Individuals and small businesses on Long Island will have more and cheaper options for health insurance next year, according to the state, which Wednesday released the plans to be offered.
On Oct. 1, New York plans to open up its health insurance marketplace -- known as the health benefit exchange -- for lower-cost health insurance as part of the federal Affordable Care Act. On Long Island, 13 companies will offer plans for individuals. That's about four times the current number of insurers, and the cost will be much lower.
The cheapest plan for an individual now costs about a $1,000 a month; under the insurance exchange plan New York Fidelis, a statewide government programs-based insurer, will offer a lower-cost plan for $284.50 monthly.
"On average, the approved 2014 rates for even the highest tier of plans individual New York consumers could purchase on the exchange (gold and platinum) represent a 53 percent reduction compared to last year's direct-pay individual rates," Gov. Andrew M. Cuomo said in a news release. And many will qualify to receive subsidies that may lower rates even more.
The plans, which would go into effect on Jan. 1, are organized in platinum, gold, silver and bronze tiers based on range of coverage, which should make it easier for New Yorkers to compare plans, Cuomo's office said.
The state attributed the rate reductions to more uninsured individuals buying coverage in the individual insurance market. About 1.1 million uninsured New Yorkers are expected to get insurance on the exchange over a three-year period, the state predicts. That includes about 146,000 from Long Island, according to the Urban Institute.
For small businesses on Long Island with as many as 50 employees, up to 10 insurers will be offering plans. The governor's office said the average small business rate for the "benchmark" silver plan is about 32 percent lower than the nationwide average forecast by the nonpartisan Congressional Budget Office. That is despite "the relatively higher per capita health care costs in New York compared to other states," the state said.
Some advocates and experts were thrilled with the offerings while some insurance brokers expressed skepticism.
"People priced out of the market are now priced in the market," said Gwen O'Shea, president of the Health & Welfare Council of Long Island.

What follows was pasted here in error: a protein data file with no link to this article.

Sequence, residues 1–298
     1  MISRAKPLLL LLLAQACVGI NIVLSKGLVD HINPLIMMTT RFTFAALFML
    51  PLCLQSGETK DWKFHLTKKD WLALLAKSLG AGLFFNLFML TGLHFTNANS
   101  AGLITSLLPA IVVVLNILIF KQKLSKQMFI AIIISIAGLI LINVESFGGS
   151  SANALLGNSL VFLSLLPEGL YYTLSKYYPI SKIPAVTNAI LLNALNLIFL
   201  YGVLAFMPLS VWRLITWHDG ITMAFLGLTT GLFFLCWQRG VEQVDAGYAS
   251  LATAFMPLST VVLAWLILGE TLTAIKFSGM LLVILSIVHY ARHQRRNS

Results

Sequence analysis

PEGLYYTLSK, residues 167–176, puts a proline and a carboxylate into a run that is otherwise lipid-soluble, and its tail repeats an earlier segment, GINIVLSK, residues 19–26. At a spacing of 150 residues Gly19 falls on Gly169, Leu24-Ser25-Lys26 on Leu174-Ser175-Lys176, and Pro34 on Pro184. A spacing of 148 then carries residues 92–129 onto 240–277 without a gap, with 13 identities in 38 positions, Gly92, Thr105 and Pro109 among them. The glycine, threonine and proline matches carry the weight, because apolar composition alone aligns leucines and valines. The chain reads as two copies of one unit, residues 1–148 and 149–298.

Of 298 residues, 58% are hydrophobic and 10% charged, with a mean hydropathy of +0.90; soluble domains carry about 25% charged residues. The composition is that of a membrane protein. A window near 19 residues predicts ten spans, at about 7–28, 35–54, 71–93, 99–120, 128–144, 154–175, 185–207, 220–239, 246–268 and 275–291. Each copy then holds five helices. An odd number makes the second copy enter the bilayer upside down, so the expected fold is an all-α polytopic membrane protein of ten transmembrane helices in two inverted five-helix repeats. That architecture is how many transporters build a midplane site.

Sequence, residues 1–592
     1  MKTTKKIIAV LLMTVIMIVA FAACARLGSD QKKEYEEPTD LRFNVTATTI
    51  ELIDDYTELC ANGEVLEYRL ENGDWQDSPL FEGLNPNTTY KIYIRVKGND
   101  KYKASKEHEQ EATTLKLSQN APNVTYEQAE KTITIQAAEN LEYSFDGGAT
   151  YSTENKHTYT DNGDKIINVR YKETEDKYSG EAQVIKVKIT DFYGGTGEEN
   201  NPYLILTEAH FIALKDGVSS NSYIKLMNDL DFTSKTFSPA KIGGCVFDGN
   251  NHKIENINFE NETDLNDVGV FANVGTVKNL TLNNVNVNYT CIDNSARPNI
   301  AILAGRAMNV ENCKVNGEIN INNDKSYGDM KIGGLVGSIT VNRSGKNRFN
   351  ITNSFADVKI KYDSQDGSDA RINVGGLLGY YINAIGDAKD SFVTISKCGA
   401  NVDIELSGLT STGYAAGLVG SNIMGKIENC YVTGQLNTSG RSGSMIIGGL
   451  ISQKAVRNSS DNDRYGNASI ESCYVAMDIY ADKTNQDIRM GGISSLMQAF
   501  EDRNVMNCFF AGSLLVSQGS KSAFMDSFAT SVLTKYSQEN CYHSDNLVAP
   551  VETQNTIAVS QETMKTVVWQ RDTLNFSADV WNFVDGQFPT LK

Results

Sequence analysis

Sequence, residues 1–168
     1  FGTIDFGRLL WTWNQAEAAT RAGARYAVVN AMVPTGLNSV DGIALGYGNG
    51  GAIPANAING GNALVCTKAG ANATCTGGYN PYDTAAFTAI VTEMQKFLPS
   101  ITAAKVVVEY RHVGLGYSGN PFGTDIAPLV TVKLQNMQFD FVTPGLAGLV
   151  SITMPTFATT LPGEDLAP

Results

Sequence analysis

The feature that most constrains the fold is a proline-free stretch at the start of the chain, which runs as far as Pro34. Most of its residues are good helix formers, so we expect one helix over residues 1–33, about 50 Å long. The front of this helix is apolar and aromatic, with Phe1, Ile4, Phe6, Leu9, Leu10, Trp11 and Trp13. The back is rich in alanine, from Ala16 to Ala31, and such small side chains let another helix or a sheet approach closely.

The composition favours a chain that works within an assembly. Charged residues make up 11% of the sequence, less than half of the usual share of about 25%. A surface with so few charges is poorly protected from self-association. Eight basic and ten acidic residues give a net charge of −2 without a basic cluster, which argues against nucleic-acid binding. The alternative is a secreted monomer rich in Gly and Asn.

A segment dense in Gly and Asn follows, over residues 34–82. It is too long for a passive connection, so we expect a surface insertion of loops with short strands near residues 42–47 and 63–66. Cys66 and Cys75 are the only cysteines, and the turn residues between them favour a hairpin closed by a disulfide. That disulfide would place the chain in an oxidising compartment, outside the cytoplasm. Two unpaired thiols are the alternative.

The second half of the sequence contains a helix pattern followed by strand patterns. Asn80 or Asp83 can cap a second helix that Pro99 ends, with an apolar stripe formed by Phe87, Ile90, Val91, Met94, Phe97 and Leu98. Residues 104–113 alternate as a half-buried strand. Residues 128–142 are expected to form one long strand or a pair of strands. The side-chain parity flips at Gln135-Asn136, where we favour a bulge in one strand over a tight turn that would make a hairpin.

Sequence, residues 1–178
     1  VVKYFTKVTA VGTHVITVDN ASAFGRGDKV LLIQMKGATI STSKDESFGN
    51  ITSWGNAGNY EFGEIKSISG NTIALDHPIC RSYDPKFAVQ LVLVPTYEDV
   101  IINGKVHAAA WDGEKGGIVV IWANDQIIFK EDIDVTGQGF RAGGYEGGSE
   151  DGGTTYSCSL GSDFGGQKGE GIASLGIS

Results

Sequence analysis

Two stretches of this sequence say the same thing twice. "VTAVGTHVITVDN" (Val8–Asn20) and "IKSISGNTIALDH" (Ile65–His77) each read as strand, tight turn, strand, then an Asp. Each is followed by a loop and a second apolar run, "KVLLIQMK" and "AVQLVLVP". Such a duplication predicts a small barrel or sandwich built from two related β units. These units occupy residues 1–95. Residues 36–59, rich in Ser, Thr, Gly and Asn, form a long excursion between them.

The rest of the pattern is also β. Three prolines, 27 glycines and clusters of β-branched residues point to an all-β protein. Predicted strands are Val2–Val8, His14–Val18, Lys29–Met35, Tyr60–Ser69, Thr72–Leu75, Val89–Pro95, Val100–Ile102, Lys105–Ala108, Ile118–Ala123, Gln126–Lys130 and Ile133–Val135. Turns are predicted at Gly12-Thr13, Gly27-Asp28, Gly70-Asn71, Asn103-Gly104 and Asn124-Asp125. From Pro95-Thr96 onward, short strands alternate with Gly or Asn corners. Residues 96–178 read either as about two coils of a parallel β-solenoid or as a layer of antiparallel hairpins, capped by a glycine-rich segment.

David Sandman, senior vice president of the nonprofit New York State Health Foundation, called the plans "great news."
"The benefits of health reform are starting to become real for New Yorkers," he said.
Peter Newell, director of the health insurance project at the nonprofit United Hospital Fund in Manhattan, praised both the state and the health insurers. "The result is a really cooperative effort," he said. "The health plans really stepped up."
One of the new health insurers listed for Long Island is North Shore-Long Island Jewish Health System. Spokesman Terry Lynam said North Shore-LIJ is waiting to get a license that will enable it to sell insurance both on and off the exchange.
"Because this is new for us, we're going to be cautious in our approach," he said. "We don't want to get too big too fast."
For Jack Glanzer, president of The Granite Insurance Brokerage in Garden City, the offerings raise questions. Currently, he said, no individual on Long Island can get health insurance for anything less than $1,000 a month, and usually the cost is much higher. He questioned the exchange's low rates. "How are they getting to these numbers?" he asked, referring to the insurers. He said it would be key to know if the insurer's networks of doctors and other providers would be "tiny."
In response, the state Department of Health said the exchange would review plan networks as part of the certification process and then quarterly to ensure "there are an adequate number of providers."
Eileen Falk of Baranello Associates, insurance brokers in Great Neck, said that despite the reduction in rates, they would still be too high for many. "How is anybody going to be able to afford these prices?" she said.
The health department said that based on predictions from the Urban Institute, 75 percent of those who enroll on the individual exchange will qualify for financial assistance.
John Sardelis, associate chairman of health care management at St. Joseph's College in Patchogue and Brooklyn, said he has little doubt more New Yorkers will get coverage because of the exchange. But he said the larger question is whether the Affordable Care Act will have reduced costs, "or have we subsidized an overly expensive system?"